Some notes I took + things I wrote down:

“Nothing erodes the parent-child bond like a parent who throws his own tantrums or makes a child feel responsible for his big emotions.” This hit home for me, as I know that I am not always perfect in talking through my feelings rather than acting emotionally right away. Sometimes I forget that Gracie is a mini-me and she will totally copy everything I do. That includes how I react in stressful/emotional situations.

In short, Positive Parenting begins by stating the goal of the book: “a healthy, connected family unit that benefits not just the children, but the parents as well.” It reminds us that we have to get our own triggers and emotions under control before we can expect our children to have healthy emotional lives.

I love that Eanes wants us to avoid the common pitfall of “managing our kids’ behavior” and believing that children are inherently bad. Rather, we should view them as little vessels that need to be guided through infancy, toddlerhood, and into adulthood. Each stage (terrible two’s, threenager, etc) gets a bad rep within our society, yet most of it is just developmentally appropriate behavior.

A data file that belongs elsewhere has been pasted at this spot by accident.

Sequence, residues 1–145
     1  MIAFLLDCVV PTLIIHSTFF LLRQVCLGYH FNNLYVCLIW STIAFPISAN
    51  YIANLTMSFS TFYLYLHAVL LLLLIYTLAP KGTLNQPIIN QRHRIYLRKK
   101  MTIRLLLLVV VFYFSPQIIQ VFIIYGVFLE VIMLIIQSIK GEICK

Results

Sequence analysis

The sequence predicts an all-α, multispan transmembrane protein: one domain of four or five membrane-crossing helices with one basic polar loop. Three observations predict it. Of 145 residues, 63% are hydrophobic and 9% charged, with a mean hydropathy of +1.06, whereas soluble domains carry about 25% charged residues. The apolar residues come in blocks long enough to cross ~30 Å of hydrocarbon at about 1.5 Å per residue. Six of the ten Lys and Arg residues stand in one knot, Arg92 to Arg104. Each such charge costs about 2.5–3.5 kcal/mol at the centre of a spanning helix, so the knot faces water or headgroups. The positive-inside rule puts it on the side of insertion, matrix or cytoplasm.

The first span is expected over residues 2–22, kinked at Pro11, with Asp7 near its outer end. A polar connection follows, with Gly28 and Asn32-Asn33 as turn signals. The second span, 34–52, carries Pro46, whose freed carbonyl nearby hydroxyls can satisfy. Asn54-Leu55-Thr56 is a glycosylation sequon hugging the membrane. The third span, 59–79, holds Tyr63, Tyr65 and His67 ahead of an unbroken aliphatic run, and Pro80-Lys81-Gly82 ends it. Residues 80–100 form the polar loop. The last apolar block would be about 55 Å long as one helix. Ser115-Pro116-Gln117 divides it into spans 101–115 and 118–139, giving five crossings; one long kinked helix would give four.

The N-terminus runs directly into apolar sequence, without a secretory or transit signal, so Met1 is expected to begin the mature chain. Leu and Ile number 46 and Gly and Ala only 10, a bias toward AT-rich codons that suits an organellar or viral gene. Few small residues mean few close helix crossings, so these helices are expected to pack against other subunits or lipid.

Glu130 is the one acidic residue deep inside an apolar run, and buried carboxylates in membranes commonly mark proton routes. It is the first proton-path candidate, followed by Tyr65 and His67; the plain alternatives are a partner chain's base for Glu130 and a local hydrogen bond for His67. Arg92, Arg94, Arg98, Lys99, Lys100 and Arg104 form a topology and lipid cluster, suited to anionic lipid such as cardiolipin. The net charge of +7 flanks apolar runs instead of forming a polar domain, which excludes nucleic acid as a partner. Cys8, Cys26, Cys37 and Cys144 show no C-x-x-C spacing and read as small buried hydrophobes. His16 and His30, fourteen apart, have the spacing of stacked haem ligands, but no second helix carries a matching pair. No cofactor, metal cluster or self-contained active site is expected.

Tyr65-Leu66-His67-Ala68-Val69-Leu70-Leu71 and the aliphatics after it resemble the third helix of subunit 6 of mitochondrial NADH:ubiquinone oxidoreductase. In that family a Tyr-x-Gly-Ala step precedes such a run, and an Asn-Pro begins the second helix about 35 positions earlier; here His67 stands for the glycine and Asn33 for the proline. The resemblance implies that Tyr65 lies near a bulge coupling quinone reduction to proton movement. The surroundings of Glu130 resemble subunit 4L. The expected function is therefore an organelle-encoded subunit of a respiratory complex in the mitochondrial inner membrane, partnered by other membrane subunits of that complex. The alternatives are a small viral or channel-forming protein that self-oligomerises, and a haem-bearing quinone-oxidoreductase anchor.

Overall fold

She says “the more I wielded my parental power, the worse he (her son) behaved, and the more disconnected we became.” I feel this happening to me, so I really want to be proactive about changing it. I don’t want to have endless power struggles with my kids.

*Parenting “rooted in connection”*

Positive parenting doesn’t mean you’re a marshmallow — positive parents set limits and boundaries too!

5 Principals of Positive Parenting: